Write On!

Hi everyone, my name is Kristen, one of the new fall interns for 2015. I was forwarded an internship opportunity with the Poetry Project by a professor I had taken the semester previously. My now graduated self though, “hmm it would look good on my graduate school resume.” After meeting with the director of the program and assistant director I found something a little more than added fluff to my resume. As I drove home I began to wonder what these workshops meant to the community. Sure, it is a place to improve your writing and even learn a few things about authors, but what else does the Poetry Project have to offer? Well, not only can you learn how to write, you learn about yourself. Poetry is subjective, you may read a poem and have a completely different emotional response than the person next to you.

I started Binghamton University as a psychology major. I detested the program, not because of the professors or the students, but because I had no idea I was actually pretty creative. When I transferred into the English program (I had no idea what other major to choose) I decided a creative writing course would be the “easiest,” course to pass. Instead, I found something more- myself. Now that sounds cliché, but my first professor made me keep a journal. My first thought was “I need to track my every movement, really?” My first entry was “I had a salad for lunch, and I hate journals.” The following week was hell, I wrote every single thing that went wrong down, and suddenly felt relieved. That same week I handed her my journal and she handed it back and said “turn them into poems,” may I add I looked at her like she was insane (how could I write a poem about a flat tire and spilling coffee on myself). What I found upon reflection of this journal was that my life was actually poetry worthy: my mother’s illness, the pressure I felt to succeed and the lack of happiness I actually portrayed every day.

When you sit down and write whatever words are lingering on your lips, you are documenting your very state of emotion. Poetry is like creating a diary. You may be thinking, “Well not everyone can write poetry, it isn’t that easy.” My friends! It is! Sit down, let whatever is weighing on your brain seep through your fingertips. What you will discover is that, you are in fact creative enough to put whatever is on your mind into a stanza that will flow into something beautiful. Learning the mechanics of writing will happen after, just put it on paper.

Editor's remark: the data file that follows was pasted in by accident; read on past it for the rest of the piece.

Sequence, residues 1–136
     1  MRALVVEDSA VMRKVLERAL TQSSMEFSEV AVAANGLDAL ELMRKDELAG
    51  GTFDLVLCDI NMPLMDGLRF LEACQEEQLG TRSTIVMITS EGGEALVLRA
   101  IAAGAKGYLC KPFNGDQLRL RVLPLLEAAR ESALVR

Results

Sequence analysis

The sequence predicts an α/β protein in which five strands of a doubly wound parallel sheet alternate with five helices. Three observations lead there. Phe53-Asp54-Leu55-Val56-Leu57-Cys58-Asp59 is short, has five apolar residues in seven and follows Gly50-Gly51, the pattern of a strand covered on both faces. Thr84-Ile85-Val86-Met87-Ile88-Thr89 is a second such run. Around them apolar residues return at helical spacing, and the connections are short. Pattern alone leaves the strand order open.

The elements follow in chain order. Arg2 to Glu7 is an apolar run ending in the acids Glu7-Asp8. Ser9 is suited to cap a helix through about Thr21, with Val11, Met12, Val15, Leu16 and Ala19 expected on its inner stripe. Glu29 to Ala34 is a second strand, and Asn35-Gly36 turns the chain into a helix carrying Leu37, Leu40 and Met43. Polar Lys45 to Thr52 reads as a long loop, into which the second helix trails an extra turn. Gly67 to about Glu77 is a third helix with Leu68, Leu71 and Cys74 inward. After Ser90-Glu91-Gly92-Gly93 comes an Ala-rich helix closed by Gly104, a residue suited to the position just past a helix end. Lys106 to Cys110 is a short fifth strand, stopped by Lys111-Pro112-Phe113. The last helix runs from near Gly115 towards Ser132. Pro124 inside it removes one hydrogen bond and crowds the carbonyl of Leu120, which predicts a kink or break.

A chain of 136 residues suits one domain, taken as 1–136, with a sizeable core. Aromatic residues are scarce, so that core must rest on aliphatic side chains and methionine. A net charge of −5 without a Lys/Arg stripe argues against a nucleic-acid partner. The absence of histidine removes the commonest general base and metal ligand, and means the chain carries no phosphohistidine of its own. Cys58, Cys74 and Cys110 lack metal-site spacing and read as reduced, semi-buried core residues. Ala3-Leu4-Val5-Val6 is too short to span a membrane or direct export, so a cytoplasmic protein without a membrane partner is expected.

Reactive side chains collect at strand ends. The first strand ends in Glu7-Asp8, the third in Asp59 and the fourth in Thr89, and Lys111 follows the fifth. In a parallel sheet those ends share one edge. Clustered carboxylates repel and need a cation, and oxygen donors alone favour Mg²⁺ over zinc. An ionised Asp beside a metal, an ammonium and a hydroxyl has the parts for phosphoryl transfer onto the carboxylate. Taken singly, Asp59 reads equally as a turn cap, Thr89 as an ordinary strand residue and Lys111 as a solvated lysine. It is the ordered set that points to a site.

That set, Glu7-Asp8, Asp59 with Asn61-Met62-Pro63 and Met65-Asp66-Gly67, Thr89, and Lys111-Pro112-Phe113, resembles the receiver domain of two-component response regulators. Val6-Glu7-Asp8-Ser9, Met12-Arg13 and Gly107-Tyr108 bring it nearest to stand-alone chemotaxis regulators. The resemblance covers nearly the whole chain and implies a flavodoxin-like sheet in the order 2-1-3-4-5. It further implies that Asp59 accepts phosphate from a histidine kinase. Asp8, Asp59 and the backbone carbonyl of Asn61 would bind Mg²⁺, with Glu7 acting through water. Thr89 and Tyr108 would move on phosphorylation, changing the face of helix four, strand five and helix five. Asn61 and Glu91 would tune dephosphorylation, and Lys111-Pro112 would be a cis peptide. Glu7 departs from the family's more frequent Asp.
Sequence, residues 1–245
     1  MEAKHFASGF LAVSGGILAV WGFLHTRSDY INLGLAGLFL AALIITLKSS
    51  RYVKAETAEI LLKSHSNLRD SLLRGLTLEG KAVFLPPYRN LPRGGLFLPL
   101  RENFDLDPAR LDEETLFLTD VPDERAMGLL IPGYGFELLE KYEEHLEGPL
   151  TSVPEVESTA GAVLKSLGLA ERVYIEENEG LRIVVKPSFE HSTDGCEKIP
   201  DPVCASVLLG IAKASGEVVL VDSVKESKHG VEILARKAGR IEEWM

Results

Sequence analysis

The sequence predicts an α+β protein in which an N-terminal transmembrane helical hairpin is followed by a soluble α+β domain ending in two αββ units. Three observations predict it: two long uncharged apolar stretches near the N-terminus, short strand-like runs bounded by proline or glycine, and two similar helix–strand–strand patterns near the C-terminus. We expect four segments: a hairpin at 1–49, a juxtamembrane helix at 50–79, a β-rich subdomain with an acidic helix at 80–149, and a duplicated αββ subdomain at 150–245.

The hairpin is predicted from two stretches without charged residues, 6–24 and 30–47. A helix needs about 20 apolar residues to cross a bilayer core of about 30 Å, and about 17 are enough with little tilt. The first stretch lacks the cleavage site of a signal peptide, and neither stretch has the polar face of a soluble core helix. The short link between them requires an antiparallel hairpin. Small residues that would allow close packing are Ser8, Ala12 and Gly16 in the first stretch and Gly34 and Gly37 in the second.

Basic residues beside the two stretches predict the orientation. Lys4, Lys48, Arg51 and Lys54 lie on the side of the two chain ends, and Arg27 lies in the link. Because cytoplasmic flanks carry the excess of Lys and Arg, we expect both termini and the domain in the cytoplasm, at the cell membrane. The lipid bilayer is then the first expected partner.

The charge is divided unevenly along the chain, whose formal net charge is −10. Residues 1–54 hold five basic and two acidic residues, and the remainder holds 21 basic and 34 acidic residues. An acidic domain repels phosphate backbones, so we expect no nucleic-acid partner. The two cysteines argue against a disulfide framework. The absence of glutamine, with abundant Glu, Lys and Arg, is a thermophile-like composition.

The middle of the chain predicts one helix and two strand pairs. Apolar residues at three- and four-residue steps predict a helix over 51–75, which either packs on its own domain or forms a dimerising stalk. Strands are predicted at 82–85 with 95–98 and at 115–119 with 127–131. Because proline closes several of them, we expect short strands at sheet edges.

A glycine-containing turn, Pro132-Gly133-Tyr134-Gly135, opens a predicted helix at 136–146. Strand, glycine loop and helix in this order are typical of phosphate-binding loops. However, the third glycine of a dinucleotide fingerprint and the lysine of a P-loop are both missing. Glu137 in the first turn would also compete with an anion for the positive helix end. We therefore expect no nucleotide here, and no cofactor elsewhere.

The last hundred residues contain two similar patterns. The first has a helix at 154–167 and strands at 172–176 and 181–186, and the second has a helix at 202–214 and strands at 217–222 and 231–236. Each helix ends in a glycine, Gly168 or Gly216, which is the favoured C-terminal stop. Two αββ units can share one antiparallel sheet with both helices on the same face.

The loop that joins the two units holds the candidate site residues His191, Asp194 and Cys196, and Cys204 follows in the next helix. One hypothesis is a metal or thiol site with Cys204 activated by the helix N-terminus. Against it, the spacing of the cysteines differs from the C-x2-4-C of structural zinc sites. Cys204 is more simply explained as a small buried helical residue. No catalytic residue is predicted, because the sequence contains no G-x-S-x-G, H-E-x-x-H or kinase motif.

If you are thinking that poetry, or any writing for that matter isn’t for you, I can assure you that it is. There is a writer in everyone. Write what you know, see and feel, and you too will be given the gift that poetry has to offer. What has poetry given you?

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5 thoughts on “Write On!

  1. Poetry has given me a new creative outlet in my fifties. BPP has given me a poetry community which keeps expanding poet to poet, locally and online. I’ve even begun to have some success in publishing a few of my poems!

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  2. I have been looking into this program for a while now, unfortunately my Thursday evenings were booked over the last season of sessions. But I am interested and look forward to being involved, somehow. I have been journaling and writing, creatively at times, for a while now, but have no real training. I appreciate and read classic forms to modern, and just kind of use the writing as a therapeutic outlet. But I love your dedication and appreciation as well, look forward to being involved

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